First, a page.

Or for an even easier TLDR read this: http://horizonwalking.blogspot.com/2014/03/orthoss-observations-humans.html

I will agree that a dog/wolf race or even a rabbit race would be nice. It isn't needed. but it would be nice.

As for the rest, well .. this is the Inner Sea Races. The main portion of the races of the Inner Sea are humans, in all their infinite glory. Humans usually get a lot of attention in not only Pathfinder but in a wide assortment of RPGs and sci-fi/fantasy work. They thrive in Star Trek even though other races have powers that they don't. They appear to thrive in Star Wars, despite not being cool colored or furry.

I will say that the derogatory language about humans is where the blowback comes in from posters. If someone said that they are tired of meow meow kitty kitty cat people, you'd hear people howling for blood. Tired of the continued harping about kitsune and their tails, you'd have people asking for your head. It's cool to slam humans and/or the core races. It's the in thing to say that they are boring, that there is nothing to do with them, that the more exotic races are oh so much more interesting because .. well, they just are, right?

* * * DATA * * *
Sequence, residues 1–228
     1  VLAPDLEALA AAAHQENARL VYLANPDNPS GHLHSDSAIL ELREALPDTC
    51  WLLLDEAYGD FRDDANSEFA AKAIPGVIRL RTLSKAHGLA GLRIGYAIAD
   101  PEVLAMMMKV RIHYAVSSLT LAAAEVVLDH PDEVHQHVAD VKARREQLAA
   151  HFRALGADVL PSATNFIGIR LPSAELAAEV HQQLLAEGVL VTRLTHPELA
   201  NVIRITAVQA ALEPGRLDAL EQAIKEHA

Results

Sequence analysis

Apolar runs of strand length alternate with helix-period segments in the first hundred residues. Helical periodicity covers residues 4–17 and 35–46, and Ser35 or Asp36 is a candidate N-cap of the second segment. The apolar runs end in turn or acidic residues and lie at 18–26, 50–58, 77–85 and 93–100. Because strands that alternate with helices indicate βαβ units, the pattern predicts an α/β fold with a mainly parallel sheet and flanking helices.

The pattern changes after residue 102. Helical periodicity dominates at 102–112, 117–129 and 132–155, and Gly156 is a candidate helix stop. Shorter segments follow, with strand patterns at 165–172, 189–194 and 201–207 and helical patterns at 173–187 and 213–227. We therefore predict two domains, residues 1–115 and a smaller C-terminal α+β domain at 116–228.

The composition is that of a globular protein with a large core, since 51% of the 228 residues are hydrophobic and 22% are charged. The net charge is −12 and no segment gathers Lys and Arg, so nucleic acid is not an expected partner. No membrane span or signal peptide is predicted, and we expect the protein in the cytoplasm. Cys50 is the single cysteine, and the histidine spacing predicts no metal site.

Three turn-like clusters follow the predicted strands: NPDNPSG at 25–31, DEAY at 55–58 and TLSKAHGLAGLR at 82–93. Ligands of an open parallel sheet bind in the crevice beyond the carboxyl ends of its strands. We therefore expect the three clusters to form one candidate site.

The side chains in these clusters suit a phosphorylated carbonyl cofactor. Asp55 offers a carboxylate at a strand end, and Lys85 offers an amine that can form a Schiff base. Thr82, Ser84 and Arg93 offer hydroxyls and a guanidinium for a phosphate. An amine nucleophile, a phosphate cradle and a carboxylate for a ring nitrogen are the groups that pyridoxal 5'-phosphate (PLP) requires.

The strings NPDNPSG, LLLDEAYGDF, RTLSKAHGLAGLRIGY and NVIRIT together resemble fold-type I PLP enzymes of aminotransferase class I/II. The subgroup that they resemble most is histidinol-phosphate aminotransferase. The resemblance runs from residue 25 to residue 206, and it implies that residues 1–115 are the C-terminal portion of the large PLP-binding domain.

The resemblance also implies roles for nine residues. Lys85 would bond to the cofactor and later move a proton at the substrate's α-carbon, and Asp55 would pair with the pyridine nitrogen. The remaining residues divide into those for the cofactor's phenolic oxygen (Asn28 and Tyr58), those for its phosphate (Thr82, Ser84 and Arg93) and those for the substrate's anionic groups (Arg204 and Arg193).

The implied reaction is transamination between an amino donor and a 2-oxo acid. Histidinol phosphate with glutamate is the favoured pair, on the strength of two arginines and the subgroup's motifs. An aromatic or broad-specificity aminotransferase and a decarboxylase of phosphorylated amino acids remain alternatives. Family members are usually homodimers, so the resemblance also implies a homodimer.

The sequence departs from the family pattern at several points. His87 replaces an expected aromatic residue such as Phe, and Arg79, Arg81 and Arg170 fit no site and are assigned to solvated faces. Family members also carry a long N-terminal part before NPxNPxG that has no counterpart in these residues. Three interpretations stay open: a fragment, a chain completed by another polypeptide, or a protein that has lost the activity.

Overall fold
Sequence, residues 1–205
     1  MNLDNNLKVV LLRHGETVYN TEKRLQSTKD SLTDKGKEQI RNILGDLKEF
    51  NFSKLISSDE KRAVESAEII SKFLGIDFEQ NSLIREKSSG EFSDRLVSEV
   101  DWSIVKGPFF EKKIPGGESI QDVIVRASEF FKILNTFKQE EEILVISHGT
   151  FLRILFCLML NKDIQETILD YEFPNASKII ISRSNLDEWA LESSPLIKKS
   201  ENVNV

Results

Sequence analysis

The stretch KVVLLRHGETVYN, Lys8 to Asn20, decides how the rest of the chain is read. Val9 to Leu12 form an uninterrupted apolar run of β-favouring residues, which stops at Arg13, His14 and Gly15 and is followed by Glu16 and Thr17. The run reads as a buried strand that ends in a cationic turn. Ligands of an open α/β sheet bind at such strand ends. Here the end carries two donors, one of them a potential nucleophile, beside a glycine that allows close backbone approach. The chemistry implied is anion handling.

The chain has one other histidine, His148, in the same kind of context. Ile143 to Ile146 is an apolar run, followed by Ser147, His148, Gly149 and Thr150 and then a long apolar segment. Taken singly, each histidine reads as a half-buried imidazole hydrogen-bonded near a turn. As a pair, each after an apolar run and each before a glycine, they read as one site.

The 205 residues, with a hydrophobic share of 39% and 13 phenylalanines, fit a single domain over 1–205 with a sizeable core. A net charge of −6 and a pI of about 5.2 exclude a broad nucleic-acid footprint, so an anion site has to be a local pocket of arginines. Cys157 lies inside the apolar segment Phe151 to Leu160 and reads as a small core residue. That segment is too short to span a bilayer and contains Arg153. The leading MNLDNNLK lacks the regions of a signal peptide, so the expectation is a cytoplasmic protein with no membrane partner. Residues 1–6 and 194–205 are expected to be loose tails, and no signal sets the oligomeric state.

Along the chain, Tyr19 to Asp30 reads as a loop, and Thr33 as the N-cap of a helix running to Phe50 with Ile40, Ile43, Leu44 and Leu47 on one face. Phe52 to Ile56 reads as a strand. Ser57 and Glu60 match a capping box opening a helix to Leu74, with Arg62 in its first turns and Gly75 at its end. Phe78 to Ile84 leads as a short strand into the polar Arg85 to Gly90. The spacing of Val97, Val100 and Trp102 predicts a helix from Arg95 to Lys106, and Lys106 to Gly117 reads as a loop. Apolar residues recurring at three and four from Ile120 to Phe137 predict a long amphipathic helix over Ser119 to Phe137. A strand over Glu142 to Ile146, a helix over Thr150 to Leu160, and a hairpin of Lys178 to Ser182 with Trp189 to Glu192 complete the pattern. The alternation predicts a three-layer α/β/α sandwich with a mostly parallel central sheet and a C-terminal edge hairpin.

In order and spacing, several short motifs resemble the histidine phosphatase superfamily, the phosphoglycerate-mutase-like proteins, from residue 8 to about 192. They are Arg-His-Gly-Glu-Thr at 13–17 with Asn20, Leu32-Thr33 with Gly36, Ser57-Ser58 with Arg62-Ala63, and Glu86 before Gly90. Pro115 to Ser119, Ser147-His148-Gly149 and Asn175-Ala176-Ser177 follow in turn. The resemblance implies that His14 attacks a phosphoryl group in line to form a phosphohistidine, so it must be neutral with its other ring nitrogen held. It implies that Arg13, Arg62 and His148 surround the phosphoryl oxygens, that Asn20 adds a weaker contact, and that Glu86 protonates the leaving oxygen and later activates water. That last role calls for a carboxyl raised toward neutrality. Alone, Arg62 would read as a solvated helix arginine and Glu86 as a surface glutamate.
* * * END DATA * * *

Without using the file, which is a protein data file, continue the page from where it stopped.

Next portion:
Constantin Stanislavski remarked that "there are no small parts, only small actors". I'd adjust that for gaming to read "There are no boring races, only boring players." Having fur or fangs or a really long bushy tail or fins doesn't make you interesting, doesn't make your character any more or less than a dwarf, or a human, or whatever else.